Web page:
Friday, September 3, 2010

Return of the Jedi Review

Star Wars Episode VI: Return of the Jedi

I always wished I had lived through the old Star Wars phenomenon and seen their debuts on the bigscreens. However, audiences at the time had to wait THREE YEARS between each film, and I don’t know if I could handle that. I don’t even think I could wait three days between watching them back-to-back… to-back. Kersh was asked to return to the director’s chair, but sadly, the aging filmmaker declined, unwilling to dedicate another three years to a film like he did on Empire. Lucas wanted Spielberg instead, but was legally unable to hire him since Lucas had quit the Director’s Guild. See, Lucas hated Hollywood. He was a martyr for independent filmmakers who constantly fought for creative freedom. He founded Lucasfilm, his own production company, ILM, his own special effects company, and THX, his own high-quality audio company. Lucas ended up funding Jedi out of his own pocket and hiring a foreign director, Richard Marquand, to master the reigns of Jedi (although reports say Lucas was quite the backseat driver). Episode VI is often considered the weakest of the original trilogy. However, I feel the opposite.

Jedi is actually my favorite chapter of the old testament. It’s such a satisfying conclusion. All the cliffhangers are resolved, all the plants get great payoffs, the villains that were only in the background of the previous films finally get the spotlight, and Luke gets to unleash all his awesome newfound abilities. The moment he “Forces” open the gate to Jabba’s palace, you just know he’s a full-fledged, ass-kicking jedi. He barely touched his lightsaber in New Hope, and in Empire, he mainly used it in his duel against Vader. But in Jedi, he always has it activated, slicin' up gangstas, stormtroopas, and of course, Vada. Their rematch is fantastic. VADER THROWS HIS SABER! It’s the only time anyone ever does that in a saber duel. Other than that, the two don’t use The Force for anything “physical” like they did frequently in their first duel. Instead, they’re constantly using it for “mental” abilities. The entire battle, Vader is trying to turn Luke to the Dark Side while Luke attempts to turn Vader back. Vader even violates Luke’s mind to expose and exploit his weaknesses. It’s very well-done, down to the symbolic lighting; Luke is lit half and half when he’s conflicted, in darkness when he goes apeshit, and returns to the light once he defeats the temptation. Watching Vader finally have a character arc is just as powerful and emotional every time I see it.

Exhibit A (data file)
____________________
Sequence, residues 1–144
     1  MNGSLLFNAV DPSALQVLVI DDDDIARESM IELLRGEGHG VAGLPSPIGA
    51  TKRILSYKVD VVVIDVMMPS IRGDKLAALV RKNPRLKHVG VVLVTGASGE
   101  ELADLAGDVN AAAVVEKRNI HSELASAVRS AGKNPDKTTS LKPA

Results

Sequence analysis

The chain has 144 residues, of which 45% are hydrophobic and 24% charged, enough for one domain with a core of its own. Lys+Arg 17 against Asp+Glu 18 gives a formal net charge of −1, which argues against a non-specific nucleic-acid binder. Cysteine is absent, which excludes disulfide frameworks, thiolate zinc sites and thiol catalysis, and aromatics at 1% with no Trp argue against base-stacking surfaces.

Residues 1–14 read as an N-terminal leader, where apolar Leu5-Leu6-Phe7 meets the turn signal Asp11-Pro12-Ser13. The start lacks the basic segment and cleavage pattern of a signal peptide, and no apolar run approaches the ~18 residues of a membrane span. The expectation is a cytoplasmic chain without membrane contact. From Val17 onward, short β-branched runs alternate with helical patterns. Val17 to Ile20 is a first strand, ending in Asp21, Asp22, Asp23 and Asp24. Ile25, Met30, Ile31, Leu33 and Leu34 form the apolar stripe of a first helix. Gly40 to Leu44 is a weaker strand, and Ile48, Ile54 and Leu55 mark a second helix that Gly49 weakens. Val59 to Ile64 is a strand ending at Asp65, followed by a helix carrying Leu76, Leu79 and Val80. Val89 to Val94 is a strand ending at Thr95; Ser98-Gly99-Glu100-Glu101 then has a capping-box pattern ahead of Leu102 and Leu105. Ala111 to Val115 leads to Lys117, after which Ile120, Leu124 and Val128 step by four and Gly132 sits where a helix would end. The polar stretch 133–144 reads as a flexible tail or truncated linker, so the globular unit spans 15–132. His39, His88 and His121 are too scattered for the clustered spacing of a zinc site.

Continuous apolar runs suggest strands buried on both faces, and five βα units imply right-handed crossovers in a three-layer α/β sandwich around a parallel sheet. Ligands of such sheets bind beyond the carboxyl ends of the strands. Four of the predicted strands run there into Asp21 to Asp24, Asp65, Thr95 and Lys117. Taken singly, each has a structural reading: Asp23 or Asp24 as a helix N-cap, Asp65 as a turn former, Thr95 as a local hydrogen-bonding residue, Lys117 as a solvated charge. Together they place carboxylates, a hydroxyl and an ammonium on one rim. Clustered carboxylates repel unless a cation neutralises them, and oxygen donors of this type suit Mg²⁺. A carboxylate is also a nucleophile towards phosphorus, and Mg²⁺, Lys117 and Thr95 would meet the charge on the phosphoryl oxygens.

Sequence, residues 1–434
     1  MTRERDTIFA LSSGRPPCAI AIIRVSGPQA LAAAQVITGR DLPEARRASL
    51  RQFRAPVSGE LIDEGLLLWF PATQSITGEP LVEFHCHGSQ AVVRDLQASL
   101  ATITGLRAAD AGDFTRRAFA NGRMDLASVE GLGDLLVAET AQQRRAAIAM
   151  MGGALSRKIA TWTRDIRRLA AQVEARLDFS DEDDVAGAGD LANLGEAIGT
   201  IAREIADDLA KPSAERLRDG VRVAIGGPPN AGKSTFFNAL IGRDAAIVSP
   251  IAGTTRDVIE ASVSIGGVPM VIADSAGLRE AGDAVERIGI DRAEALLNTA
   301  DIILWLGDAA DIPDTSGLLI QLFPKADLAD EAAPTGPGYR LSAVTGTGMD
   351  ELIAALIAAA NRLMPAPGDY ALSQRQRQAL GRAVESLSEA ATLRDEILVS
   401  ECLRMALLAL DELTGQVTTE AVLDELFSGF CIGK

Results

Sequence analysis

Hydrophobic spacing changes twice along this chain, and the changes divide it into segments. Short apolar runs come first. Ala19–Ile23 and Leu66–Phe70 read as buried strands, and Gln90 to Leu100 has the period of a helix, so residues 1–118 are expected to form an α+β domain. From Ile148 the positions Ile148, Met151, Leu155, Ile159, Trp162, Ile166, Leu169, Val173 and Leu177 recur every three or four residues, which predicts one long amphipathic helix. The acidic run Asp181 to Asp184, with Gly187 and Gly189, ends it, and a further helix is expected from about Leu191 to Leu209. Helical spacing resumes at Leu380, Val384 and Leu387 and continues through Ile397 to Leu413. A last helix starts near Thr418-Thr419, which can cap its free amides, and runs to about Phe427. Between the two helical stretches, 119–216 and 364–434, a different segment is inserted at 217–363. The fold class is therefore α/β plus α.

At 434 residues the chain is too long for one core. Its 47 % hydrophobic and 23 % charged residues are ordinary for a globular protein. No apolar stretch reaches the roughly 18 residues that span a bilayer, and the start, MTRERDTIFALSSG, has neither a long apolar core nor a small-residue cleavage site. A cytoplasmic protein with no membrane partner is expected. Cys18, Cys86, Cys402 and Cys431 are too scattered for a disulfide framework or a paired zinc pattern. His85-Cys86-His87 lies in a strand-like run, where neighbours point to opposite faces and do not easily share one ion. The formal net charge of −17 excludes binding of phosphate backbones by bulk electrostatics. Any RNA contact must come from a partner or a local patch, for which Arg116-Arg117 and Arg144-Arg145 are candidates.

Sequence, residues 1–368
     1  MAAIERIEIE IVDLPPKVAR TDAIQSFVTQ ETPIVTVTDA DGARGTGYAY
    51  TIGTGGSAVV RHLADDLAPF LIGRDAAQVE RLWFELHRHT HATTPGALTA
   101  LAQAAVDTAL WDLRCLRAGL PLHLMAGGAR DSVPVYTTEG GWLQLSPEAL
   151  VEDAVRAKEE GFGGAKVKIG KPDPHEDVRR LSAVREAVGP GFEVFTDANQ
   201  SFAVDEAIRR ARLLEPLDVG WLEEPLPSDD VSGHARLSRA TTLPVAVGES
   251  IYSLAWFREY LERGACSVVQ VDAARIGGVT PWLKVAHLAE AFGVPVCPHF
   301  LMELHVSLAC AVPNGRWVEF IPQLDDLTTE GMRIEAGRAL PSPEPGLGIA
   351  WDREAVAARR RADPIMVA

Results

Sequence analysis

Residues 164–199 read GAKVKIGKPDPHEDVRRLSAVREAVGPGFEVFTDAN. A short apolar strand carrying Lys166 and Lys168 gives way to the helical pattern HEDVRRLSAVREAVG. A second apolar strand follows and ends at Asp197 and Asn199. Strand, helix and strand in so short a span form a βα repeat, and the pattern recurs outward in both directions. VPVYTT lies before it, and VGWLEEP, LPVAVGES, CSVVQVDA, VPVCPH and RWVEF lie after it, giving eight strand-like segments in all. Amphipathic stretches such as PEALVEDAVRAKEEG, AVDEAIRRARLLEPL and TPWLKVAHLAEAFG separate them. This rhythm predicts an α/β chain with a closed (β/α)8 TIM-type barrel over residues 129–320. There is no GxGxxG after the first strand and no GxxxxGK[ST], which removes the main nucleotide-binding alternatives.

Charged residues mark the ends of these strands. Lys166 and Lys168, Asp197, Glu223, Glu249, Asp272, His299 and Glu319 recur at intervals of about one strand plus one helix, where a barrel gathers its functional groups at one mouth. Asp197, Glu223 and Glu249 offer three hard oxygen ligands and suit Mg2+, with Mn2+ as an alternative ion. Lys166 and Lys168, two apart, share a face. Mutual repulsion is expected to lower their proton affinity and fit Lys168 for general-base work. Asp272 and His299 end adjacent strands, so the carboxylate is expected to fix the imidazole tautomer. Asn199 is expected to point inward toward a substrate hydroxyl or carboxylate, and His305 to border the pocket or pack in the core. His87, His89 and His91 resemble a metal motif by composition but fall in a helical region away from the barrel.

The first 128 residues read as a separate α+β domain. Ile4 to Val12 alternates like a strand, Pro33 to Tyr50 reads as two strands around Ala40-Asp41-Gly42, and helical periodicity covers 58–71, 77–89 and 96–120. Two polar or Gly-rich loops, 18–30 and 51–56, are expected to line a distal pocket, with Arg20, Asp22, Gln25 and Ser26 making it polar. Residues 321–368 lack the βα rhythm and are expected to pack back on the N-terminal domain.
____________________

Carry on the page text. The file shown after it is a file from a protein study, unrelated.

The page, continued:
The action scenes are top-notch. And unlike Lord of the Rings, where a pretty blonde boy hogs all the action-hero moments, each Star Wars character is given an equal piece of the action. Han and Chewy get to kill Boba Fett. Lando and Wedge get to blow up the second Death Star. Leia gets to strangle Jabba with the very chains he enslaved her in -- feminists, eat your heart out. Even little Artoo gets to kick some ass. And Luke is wisely given the most “action-hero moments” of all, as the main protagonist should (I’m lookin’ at you, Frodo). The climax masterfully cross-cuts between three terrific battles. I love how the tide of the three battles shift in tune with each other and that the outcome of each battle effects the other. It’s extremely exciting. The main reason people rag on Jedi are the Ewoks. Many have complained at how unrealistic it was that a primitive race could have defeated a legion of stormtroopers. Psh, I can’t believe this attracted so much criticism! The less likely victory is, the more engaging the battle is! I love seeing the underdogs overthrow much greater adversaries. That’s like a law of cinema. And I don’t see how the battle could leave you with any doubt -- we see every single little attempt the Ewoks make against the Empire, many of which fail. If the Ewoks were all 7-foot tall Wookiees like Lucas had originally planned, no one would have objected. But too many people can’t see past the “cutesy” factor. Judge them by their size, do you?